But, alas, here the story must come to an end. As Karl Shuker explains in the newest issue of Fortean Times (I don’t care what anyone says, I like reading it), the entire episode seems to have been a fabrication. As explained in an article published last year in Komsomolskaya Pravda, Gladkikh never was a biologist nor in fact even a scientist; he was instead a ‘migrant worker’ hired to help with the expedition. And while cryptozoologists have often expressed frustration about the lack of subsequent investigation of Lake Khaiyr and its possible monster, it turns out that such investigation actually did take place. Claims that the lake was devoid of fish, that birds wouldn’t land on it, and that the locals had a tradition of sightings, were all false. Even better, Gladkikh admitted that he had fabricated the entire event (either ‘to entertain himself and his friends or as an excuse for shirking his duties at work’, said Pravda).
Of course, if you really want to believe in Siberian lake monsters, this isn’t necessarily the end of it, as there were supposed to be witnesses on the expedition besides Gladkikh, plus there are other lakes in the region that reportedly house monsters. But, personally, I feel that a case long thought to have had at least a reasonable amount of credibility – indeed, one of the most interesting cases in 20th century lake monster history – can now be dismissed in entirety. Oh well. Thanks to Karl, I’ve learnt that you can see the 2007 Pravda article for yourself here [adjacent image shows a still from the Lake Van footage, taken in 1997 (Lake Van is an alkaline Turkish lake). I think it’s a fake, carved from wood with a hose blowing bubbles at the snout-tip].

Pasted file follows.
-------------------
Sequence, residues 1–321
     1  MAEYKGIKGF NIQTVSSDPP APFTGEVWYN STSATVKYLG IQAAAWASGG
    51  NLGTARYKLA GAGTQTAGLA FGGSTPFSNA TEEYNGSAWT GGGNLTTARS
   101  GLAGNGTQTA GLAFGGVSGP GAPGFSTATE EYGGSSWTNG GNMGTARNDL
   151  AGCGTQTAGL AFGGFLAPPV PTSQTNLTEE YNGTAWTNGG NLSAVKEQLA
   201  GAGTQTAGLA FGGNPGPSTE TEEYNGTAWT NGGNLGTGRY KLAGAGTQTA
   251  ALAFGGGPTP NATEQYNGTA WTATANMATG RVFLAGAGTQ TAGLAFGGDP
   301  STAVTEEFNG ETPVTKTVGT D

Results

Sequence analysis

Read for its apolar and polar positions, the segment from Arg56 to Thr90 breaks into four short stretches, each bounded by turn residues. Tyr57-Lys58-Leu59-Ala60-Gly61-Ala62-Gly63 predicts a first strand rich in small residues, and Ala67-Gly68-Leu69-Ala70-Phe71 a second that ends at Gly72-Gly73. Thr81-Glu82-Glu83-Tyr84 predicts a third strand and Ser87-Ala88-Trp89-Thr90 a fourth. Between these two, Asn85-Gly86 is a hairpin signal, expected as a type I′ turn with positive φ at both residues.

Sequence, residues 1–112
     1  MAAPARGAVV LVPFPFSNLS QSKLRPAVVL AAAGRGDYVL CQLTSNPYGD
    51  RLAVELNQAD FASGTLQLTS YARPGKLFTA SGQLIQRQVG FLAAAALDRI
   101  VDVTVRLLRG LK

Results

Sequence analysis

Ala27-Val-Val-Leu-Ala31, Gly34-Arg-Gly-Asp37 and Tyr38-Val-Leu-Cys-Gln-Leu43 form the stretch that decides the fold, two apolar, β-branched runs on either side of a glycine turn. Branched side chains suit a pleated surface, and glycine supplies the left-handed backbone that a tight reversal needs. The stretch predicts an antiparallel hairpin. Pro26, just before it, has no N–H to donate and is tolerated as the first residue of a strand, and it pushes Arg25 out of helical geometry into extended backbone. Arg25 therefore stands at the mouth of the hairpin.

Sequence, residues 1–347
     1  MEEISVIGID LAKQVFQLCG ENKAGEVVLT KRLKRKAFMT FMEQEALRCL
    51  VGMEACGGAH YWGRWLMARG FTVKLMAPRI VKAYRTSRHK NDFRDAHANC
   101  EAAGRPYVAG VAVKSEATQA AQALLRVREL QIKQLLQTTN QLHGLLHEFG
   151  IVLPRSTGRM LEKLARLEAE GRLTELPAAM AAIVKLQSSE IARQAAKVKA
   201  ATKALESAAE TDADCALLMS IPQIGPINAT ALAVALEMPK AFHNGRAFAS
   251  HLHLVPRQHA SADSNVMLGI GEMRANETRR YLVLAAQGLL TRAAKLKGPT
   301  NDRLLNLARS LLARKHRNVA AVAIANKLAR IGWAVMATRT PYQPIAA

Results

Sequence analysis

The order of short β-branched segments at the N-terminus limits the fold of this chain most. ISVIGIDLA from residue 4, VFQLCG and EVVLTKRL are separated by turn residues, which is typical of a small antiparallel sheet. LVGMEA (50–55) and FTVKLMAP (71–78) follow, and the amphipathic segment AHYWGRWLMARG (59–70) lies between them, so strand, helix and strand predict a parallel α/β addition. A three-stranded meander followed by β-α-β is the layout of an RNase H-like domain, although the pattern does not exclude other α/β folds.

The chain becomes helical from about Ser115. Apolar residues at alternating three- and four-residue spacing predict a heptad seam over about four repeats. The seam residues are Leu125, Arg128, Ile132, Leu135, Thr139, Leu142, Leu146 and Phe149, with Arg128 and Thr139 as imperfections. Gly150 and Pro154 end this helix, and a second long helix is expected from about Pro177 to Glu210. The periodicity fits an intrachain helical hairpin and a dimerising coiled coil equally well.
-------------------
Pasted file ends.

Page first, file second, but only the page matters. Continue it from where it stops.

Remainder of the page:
And finally, for those who might be confused as to why a technically qualified palaeontologist is apparently paying serious attention to claims about Russian monsters, I remain interested in mystery animals because I think that – sometimes – there really are real animals at the bottom of these accounts. Not necessarily post-Mesozoic plesiosaurs, evolved basilosaurids, waterhorses or super-otters, but something.
Sorry, this article was another distraction. Back to scheduled stuff next.
Refs – –
Bord, J. & Bord, C. 1981. Alien Animals. Book Club Associates, London.
Calkins, C. C. 1982. Mysteries of the Unexplained. Reader’s Digest, Pleasantville (New York).
Coleman, L. & Huyghe, P. 2003. The Field Guide to Lake Monsters, Sea Serpents, and Other Mystery Denizens of the Deep. Tarcher/Penguin, New York.
Costello, P. 1975. In Search of Lake Monsters. Panther Books, St. Albans.
Dinsdale, T. 1966. The Leviathans. Routledge & Kegan Paul, London.
Freeman, R. 2003. Terrors of the taiga: the monsters of Siberia. Part one. In Downes, J. & Freeman, R. (eds) The Centre for Fortean Zoology Yearbook 2003. CFZ Publications, Exeter, pp. 68-92.
Newton, M. 2005. Encyclopedia of Cryptozoology. McFarland & Company, Jefferson (N. Carolina) and London.
Shuker, K. P. N. 1995. In Search of Prehistoric Survivors. Blandford, London.
– . 1997. A monster in the lake. The X Factor 29, 799-803.
– . 2008. The truth behind the monster. Fortean Times 232, 58-59.